McConnell: 'Government may be heading into shutdown, but the Senate's not'
Senate Majority Leader Mitch McConnell announced that he was going to keep the Senate in session over the weekend to vote again on a bill that would provide short-term funding to keep the government open.
McConnell spoke shortly after midnight as a partial government shutdown went into effect.
"We're going to keep on voting," McConnell said. "The government may be heading into shutdown, but the Senate's not shutting down. And we're open to talk and to resolve this."
The Senate will reconvene on Saturday to continue negotiations. McConnell said he would introduce an amendment for another deal that would fund the government through February 8.
The House is also scheduled to return at 9 a.m. EST for a rare Saturday session to manage the shutdown.
McConnell joined with the White House in blaming Democrats for the government shutdown, arguing that they "shoehorned" talks about immigration into a "non-controversial" government spending bill.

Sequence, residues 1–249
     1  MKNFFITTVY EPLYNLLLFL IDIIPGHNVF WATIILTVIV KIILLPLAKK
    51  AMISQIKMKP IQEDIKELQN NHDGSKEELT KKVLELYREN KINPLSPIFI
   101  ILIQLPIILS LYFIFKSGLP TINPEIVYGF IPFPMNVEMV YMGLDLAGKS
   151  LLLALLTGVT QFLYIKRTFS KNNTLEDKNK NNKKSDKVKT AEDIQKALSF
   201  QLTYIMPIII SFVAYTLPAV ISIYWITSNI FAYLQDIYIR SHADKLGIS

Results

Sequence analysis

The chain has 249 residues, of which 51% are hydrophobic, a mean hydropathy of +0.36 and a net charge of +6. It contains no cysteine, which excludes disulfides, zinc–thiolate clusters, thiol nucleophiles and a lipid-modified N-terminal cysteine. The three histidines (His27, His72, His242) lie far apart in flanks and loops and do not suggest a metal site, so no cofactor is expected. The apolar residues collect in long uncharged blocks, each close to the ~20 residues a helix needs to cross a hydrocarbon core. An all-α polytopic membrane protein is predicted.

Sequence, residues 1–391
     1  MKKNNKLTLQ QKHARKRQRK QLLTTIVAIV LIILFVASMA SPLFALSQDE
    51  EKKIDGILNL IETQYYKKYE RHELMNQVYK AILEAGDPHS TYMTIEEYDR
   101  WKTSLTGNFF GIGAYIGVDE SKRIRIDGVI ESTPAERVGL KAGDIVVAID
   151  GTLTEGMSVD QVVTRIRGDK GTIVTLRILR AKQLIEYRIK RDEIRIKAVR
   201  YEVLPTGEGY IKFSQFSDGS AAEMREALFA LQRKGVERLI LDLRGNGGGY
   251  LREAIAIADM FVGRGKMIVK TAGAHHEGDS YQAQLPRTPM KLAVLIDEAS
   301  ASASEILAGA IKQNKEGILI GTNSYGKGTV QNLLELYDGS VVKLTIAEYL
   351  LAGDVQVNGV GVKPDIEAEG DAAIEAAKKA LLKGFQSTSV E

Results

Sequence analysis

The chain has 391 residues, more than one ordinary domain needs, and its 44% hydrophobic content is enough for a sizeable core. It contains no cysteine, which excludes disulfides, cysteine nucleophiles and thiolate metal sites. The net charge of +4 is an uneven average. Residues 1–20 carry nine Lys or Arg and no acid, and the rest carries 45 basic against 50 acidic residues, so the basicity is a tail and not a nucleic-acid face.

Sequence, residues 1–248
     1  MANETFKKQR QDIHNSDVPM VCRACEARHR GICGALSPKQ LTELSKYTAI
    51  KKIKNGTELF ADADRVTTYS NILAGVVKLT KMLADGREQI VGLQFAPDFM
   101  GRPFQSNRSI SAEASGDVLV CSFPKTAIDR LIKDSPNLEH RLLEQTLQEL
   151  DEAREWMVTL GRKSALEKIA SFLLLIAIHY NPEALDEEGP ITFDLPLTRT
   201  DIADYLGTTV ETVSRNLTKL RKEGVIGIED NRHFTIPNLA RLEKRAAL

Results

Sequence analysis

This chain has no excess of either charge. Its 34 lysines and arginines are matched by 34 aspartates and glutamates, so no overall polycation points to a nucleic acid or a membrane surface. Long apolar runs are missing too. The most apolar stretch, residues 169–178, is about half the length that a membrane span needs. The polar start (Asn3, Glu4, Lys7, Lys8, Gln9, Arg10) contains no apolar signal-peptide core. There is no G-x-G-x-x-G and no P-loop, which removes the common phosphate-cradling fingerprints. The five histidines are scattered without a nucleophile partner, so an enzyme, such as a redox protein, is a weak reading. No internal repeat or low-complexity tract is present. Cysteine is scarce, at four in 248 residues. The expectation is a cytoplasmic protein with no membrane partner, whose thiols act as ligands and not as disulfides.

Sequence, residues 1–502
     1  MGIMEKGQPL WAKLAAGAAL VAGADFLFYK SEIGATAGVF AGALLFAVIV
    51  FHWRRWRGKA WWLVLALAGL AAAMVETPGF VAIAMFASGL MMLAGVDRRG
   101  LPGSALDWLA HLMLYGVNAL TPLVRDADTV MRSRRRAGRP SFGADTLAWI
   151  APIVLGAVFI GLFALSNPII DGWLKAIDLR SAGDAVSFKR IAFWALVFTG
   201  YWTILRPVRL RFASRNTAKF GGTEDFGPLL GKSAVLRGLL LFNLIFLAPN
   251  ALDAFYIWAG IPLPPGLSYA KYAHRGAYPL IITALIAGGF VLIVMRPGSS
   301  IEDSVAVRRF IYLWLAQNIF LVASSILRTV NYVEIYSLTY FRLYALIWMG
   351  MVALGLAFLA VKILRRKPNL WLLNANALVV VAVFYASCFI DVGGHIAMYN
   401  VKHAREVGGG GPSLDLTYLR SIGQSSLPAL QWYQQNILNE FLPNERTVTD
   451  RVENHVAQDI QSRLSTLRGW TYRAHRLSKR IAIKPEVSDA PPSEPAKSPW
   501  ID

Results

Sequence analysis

Both the White House and the Republican leadership in the Senate began referring to the failed Friday vote as "the Schumer Shutdown."
Democratic Leader Chuck Schumer spoke from the Senate floor to rebut the claim, stating, "This will be called the Trump Shutdown."
Schumer argued that Trump scuttled a possible bipartisan agreement, saying, "It's almost as if [Trump] were rooting for a shutdown. And now we'll have one, and the blame should crash entirely on President Trump's shoulders."
Schumer encouraged the Senate to sit down tomorrow and complete a deal, "so the entire government can get back to work."
The shutdown will immediately affect non-essential government workers and government programs. Military operations and other security matters will continue to be funded, but government employees will not be paid. Other non-essential federal government workers will be furloughed.